Ethics Opinions Every South Carolina Attorney Should Know: Part XVII, Anything Can Lead to Discipline but the Supreme Court is Not Your Adversary

This is the final ethics lesson I wish to impart to my mentees, though I intend to add to this series in the future as I develop new insights through my reading of ethics opinions.  To any attorney out there who has not completed his or her Rule 403 trial experiences, I would advise them to read In Re Curry, 373 S.C. 620, 647 S.E.2d 179 (2007). I would also note my expectation that within a few years some attorney will be publicly reprimanded (at least) for violating South Carolina Rule of Professional Conduct 3.3(d) (“In an ex parte proceeding, a lawyer shall inform the tribunal of all material facts known to the lawyer that will enable the tribunal to make an informed decision, whether or not the facts are adverse.”)  Avoid being that attorney.

In the Matter of William Grayson Ervin, 387 S.C. 551, 694 S.E.2d 6 (2010), is the most recent opinion to be analyzed in this series [issued May 11, 2010] but it imparts a couple of important lessons.  First, it demonstrates the extent to which an attorney’s activities outside of the practice of law can be scrutinized for potential disciplinary issues. Second, it demonstrates that the Supreme Court will advocate for an attorney if that attorney is honest and forthcoming.

Ervin was an infamous news story in the LowCountry.  He was an assistant solicitor who was arrested when, allegedly, in a fit of road rage, he sped up and brandished a firearm at a lone female driver while both were crossing the Arthur Ravenel bridge.  Ervin was immediately dismissed from the Solicitor’s office, suspended from the practice of law, and charged with a crime.  Because he had been an assistant solicitor, the Attorney General’s Office handled the criminal charges.  Ervin was offered pre-trial intervention, which he successfully completed, and the charges were dismissed and his record expunged.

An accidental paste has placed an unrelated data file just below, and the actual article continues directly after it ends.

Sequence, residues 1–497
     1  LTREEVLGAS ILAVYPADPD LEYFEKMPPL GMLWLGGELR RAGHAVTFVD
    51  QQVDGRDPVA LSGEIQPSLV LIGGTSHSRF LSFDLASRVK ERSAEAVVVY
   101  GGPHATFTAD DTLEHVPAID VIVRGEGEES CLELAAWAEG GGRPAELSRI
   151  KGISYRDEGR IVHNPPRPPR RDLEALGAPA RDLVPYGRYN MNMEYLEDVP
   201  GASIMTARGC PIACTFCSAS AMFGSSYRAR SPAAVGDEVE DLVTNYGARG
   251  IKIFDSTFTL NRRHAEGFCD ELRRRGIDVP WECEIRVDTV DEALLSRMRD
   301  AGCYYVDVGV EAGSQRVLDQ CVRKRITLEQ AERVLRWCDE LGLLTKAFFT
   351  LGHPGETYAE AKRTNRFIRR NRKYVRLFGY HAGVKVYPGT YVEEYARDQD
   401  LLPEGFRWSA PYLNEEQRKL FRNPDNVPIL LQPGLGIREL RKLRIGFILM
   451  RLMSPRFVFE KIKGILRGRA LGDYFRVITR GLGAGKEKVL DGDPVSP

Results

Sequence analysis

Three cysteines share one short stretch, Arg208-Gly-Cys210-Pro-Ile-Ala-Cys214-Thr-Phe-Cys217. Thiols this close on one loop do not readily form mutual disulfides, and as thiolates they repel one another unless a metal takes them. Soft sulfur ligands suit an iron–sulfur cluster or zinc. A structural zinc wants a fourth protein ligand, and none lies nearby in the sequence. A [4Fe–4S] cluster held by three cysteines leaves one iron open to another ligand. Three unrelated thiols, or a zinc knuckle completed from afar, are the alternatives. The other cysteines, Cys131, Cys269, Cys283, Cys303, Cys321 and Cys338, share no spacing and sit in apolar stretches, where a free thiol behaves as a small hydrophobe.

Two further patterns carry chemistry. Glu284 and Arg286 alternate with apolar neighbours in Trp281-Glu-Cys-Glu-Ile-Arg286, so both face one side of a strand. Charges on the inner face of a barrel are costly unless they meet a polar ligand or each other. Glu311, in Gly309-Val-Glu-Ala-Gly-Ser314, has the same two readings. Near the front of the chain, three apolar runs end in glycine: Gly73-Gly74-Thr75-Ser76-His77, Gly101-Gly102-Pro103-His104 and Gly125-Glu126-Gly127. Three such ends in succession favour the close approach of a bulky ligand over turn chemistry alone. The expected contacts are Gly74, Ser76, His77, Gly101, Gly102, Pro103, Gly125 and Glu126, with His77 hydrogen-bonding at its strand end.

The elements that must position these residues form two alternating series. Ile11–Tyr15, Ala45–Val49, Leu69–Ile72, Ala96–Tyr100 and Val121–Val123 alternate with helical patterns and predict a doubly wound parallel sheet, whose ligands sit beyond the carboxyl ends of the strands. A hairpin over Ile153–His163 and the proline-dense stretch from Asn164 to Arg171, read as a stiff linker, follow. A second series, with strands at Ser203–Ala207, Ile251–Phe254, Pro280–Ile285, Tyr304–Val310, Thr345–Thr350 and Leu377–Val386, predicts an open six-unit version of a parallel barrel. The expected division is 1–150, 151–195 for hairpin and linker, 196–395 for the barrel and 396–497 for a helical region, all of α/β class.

Ervin had a different explanation of these events than what the media reported.  He claimed that, while merging onto the bridge, he drove behind a vehicle traveling around twenty miles-per-hour, which was ”zigzagging” in the lane, so he attempted to get around it.  While acknowledging that he was following the vehicle too closely, as he tried to pass the vehicle the female driver and her male passenger extended their middle fingers and shouted at him.  He tried to pass them a couple of times, but they cut him off each time. When he was eventually able to get in front of the car, he tapped his brakes, apparently in an attempt to frustrate the driver.

The female driver then pursued and passed him. As the couple’s vehicle passed Ervin’s vehicle, the male passenger held up a gun, put his middle finger up, and yelled at him. Ervin passed them, took his gun from the center console, and said: “What the hell are you doing, I have one too.”

The Attorney General’s office apparently accepted the woman’s version of events and never investigated Ervin’s claim.  In the disciplinary proceedings, the Hearing Panel ordered the 911 tape and learned that the woman had been lying about being alone in the vehicle.  Based on that and additional information that came to light, the Supreme Court decided to accept Ervin’s version of events. As the Supreme Court analyzed the matter: